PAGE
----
THE US bishops' pastoral letter on war and peace will be a factor in the 1984 presidential election, according to Fr J. Bryan Hehir, the US Catholic Conference's director for international justice and peace.
"I think the bishops' letter will help keep the nuclear question before the American public as one of the central issues by which any candidate or party ought to be judged, and in that sense I think it will have an impact on the election," Fr Hehir said in an interview in the July-August issue of The Inter Dependent, a New York-based monthly.
The National Conference of Catholic Bishops approved a pastoral letter on war and peace. "The Challenge of Peace: God's Promise and Our Responsiblity," in May.
Fr Hehir told The Inter Dependent that three factors had prompted the American bishops to endorse a letter which challenges fundamental assumptions of U.S. Strategic planning:
— The bishops decided to look at the nuclear weapons issue from the point of the specific responsibility of a hierarchy in one of the two nuclear superpowers; and — Believers and the U.S. public in general had looked to the Church for answers.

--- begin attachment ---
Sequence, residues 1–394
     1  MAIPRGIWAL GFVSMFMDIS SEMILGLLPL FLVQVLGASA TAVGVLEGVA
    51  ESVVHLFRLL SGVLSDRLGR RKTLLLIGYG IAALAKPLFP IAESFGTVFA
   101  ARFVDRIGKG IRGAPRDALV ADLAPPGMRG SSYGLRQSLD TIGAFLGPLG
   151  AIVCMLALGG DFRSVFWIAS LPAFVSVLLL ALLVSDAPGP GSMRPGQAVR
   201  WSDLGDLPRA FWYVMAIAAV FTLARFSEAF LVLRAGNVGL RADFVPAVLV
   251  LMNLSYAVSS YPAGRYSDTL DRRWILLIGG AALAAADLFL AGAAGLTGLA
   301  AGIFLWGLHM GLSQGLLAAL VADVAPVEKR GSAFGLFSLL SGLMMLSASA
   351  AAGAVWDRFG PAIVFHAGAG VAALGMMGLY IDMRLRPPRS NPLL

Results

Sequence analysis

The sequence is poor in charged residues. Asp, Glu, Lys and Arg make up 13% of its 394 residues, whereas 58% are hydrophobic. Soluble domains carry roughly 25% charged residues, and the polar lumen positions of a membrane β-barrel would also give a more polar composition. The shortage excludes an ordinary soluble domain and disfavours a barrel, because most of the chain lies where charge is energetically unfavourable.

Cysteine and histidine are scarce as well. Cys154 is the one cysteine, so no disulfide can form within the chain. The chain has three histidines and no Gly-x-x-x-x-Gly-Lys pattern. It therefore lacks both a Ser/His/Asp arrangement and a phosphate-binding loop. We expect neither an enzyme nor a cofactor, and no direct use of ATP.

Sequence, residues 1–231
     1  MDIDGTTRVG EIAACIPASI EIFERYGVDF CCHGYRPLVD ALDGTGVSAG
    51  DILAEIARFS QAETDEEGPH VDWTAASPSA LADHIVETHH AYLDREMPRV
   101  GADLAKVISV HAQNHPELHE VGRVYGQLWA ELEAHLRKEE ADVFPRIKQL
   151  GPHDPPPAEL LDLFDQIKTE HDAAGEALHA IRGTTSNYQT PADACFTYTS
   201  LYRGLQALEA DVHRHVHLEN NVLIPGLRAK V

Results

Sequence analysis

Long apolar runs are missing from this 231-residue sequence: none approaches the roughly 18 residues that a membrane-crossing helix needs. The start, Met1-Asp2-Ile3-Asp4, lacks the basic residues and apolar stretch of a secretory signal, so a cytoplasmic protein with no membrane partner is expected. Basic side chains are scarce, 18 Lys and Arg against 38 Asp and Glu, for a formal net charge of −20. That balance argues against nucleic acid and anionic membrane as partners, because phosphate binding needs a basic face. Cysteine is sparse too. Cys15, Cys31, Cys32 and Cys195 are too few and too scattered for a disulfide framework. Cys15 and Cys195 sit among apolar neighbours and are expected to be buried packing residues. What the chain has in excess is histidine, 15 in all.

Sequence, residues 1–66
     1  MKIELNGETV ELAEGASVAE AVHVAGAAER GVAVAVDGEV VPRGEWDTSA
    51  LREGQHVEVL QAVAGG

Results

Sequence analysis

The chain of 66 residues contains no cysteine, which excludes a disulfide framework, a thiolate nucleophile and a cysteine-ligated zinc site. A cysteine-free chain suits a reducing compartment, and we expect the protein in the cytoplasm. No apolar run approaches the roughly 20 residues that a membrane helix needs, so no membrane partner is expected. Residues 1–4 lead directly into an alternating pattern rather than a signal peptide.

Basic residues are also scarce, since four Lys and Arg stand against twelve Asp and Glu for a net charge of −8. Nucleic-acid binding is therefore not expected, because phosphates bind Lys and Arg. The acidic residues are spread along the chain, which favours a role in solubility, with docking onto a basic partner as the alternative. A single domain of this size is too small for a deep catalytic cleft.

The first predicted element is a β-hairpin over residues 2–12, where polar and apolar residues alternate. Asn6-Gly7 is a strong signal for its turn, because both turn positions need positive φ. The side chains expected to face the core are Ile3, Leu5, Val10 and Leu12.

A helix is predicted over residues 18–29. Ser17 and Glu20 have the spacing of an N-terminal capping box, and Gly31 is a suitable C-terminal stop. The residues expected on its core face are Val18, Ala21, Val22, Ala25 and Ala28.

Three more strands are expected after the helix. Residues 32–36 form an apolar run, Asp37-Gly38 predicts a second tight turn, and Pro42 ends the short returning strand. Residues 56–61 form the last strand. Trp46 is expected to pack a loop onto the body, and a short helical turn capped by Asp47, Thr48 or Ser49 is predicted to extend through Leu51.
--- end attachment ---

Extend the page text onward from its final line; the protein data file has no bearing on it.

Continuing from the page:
The "multidimensional process" that produced the bishops' pastoral letter crystalized with the growing public realization that "the arms race was headed in a more dangerous direction," Fr Hehir stated.
President Reagan's election and fundamentalist religious forces did not contribute significantly to the bishops' decision in 1980 to tackle the question of nuclear weapons, he added.
Shortly after Reagan took office, however, he said, "there were some careless statements about nuclear weapons" that "enhanced the anxiety of the bishops." But "the November '80 meeting would have gone ahead no matter who had been elected," he said.
To The Inter Dependent's query about who will decide at what point disarmament is so far out of reach that dcterrance has to he jettisoned as a policy, Fr Hehir responded that "there is no simple grid" to decide when deterrent policies become intolerable.
In the pastoral the bishops concluded that deterrence is morally defensible only as a transition to disarmament. "One purpose of that judgment is to highlight the unsatisfactory nature of our present security and therefore to resist efforts at being complacent with the state of deterrence," Fr Hehir continued'.
"The bishops want to resist the argument that because it's worked for 38 years one can be entirely confident that it's going to work for the next 38," he said. "They want to challenge that by talking about it as a transitional strategy."